Doctors Who Lie Help Patients Recover Faster

Physicians have long been counseled to have an emotionally sensitive bedside manner, but now scientists are discovering that a doctor's words also affect our biology.

Would you object to being lied to by your doctor if the lie helped you recover from an illness or surgery more quickly? Would you prefer the cold truth even if it meant prolonging your illness or recovery time? Physicians have long been counseled to have an emotionally sensitive bedside manner, but now scientists are discovering that a doctor's words also affect our biology.

Everyone is familiar with the placebo effect in which a fake medicine works on the body because the mind believes it is working, but so-called nocebos can also affect patient health. When a doctor uses negative or discouraging terms — there is "bad news"; your knee is "worn out"; medication will help "a bit" — the patient doubts his or her own faculties of recovery. And those doubts subtly become reality, say researchers. 

The issue was taken up by a recent BBC radio broadcast that addressed the problems of placebo, describing the complex discoveries being made by medical researchers.

“It’s easier to do harm than good,” explains Watts. “And this is worrisome, because nocebo’s negative influence can be found lurking in almost every aspect of medical life and beyond.”

The nocebo is a serious ethical issue because we deeply value both truth and health, but which would you choose? Professor of behavioral economics at Duke University, Dan Ariely explains the dilemma in more detail during his Big Think interview:

"We’ve done research showing that when you give people a painkiller, and you tell them it’s expensive, it works better than if you tell them it’s cheap. And it turns out that placebos are real. ... And now here is the dilemma: should we start prescribing more placebos in medicine? Should we lie to people more frequently? Because if we told people this is a placebo, it wouldn’t work. So we actually have to lie to them. But when we lie to them, it also works."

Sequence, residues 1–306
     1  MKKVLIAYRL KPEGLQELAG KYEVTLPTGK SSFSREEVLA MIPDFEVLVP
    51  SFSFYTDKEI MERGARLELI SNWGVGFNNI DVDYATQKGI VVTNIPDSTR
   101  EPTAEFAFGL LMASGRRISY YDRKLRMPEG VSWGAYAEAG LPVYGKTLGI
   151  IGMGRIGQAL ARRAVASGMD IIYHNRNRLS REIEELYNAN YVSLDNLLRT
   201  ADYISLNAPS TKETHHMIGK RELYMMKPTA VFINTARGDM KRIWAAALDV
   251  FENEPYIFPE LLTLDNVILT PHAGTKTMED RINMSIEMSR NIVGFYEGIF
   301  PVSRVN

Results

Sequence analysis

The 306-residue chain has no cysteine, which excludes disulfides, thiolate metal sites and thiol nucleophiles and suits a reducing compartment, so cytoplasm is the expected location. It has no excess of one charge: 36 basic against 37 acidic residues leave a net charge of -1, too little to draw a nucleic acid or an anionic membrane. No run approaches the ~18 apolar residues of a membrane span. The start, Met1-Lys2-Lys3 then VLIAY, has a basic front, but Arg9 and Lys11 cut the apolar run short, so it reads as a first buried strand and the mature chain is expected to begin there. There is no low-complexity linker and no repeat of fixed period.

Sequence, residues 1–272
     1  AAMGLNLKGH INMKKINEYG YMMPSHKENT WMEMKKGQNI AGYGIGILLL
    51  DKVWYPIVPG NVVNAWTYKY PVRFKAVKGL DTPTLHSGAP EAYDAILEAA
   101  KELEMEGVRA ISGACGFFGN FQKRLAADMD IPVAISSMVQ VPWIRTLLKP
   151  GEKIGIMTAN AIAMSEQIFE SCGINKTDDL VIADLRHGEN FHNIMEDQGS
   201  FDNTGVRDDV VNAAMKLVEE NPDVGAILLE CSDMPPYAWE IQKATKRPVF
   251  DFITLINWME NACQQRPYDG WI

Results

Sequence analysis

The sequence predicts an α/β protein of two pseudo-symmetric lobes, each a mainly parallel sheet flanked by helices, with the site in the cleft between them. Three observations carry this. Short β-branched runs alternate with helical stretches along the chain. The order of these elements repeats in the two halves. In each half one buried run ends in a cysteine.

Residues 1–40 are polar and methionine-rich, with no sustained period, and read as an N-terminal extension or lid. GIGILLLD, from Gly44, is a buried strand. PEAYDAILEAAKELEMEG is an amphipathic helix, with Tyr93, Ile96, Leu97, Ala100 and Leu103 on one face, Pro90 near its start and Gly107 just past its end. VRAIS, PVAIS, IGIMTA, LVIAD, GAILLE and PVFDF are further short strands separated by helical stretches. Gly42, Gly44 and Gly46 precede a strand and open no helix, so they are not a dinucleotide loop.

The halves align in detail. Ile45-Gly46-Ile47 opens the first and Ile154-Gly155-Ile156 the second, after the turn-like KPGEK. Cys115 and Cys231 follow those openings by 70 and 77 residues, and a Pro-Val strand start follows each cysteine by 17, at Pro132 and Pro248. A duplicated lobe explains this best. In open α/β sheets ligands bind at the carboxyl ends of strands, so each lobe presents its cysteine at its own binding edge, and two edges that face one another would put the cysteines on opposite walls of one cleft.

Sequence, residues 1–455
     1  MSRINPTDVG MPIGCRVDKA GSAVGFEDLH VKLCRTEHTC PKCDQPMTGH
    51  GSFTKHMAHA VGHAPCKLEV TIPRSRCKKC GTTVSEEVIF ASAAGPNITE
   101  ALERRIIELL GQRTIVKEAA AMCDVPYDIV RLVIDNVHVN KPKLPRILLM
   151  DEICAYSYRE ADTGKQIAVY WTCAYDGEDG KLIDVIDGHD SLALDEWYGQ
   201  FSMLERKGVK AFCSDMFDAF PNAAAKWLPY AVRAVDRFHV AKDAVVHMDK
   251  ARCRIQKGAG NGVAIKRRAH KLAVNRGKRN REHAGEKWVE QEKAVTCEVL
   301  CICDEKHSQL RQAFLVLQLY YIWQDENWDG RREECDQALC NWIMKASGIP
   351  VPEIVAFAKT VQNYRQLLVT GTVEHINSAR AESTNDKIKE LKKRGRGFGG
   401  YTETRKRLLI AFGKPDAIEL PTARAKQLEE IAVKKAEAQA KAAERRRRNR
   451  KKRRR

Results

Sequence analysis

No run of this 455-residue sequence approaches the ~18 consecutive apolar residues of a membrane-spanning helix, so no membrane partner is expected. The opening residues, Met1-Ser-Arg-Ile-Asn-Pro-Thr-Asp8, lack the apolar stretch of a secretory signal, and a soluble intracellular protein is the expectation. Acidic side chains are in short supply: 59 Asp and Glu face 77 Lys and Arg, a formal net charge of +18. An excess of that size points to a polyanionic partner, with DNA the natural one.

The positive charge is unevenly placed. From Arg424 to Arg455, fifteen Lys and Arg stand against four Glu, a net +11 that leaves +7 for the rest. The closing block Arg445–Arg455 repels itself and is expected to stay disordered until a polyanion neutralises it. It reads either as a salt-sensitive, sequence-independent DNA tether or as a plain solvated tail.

Big Think Edge
  • The meaning of the word 'confidence' seems obvious. But it's not the same as self-esteem.
  • Confidence isn't just a feeling on your inside. It comes from taking action in the world.
  • Join Big Think Edge today and learn how to achieve more confidence when and where it really matters.

To boost your self-esteem, write about chapters of your life

If you're lacking confidence and feel like you could benefit from an ego boost, try writing your life story.

Personal Growth

In truth, so much of what happens to us in life is random – we are pawns at the mercy of Lady Luck. To take ownership of our experiences and exert a feeling of control over our future, we tell stories about ourselves that weave meaning and continuity into our personal identity.

Keep reading Show less

MIT study: 24-hour fasting regenerates stem cells, doubles metabolism

This gives credence to the 5–2 diet, which has recently gained in popularity thanks to a large celebrity following.

Pexels, user @Deena

Chances are you're probably thinking about food right now in some capacity. Maybe it's close to dinner and you're wondering what you are going to eat. Maybe you had a really good lunch and are fondly reminiscing about your BLT, or whatnot. Or maybe, just maybe, you're thinking about not eating food for a while.

Keep reading Show less

Ashes of cat named Pikachu to be launched into space

A space memorial company plans to launch the ashes of "Pikachu," a well-loved Tabby, into space.

GoFundMe/Steve Munt
Culture & Religion
  • Steve Munt, Pikachu's owner, created a GoFundMe page to raise money for the mission.
  • If all goes according to plan, Pikachu will be the second cat to enter space, the first being a French feline named Felicette.
  • It might seem frivolous, but the cat-lovers commenting on Munt's GoFundMe page would likely disagree.
Keep reading Show less